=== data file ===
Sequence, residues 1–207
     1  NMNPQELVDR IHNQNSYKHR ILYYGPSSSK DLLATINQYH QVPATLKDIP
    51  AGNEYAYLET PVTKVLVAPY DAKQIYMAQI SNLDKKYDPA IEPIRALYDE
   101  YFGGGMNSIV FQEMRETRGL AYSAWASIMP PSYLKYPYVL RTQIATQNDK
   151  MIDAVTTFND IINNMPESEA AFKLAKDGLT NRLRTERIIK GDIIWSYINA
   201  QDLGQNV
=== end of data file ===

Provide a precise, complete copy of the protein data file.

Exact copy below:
Sequence, residues 1–207
     1  NMNPQELVDR IHNQNSYKHR ILYYGPSSSK DLLATINQYH QVPATLKDIP
    51  AGNEYAYLET PVTKVLVAPY DAKQIYMAQI SNLDKKYDPA IEPIRALYDE
   101  YFGGGMNSIV FQEMRETRGL AYSAWASIMP PSYLKYPYVL RTQIATQNDK
   151  MIDAVTTFND IINNMPESEA AFKLAKDGLT NRLRTERIIK GDIIWSYINA
   201  QDLGQNV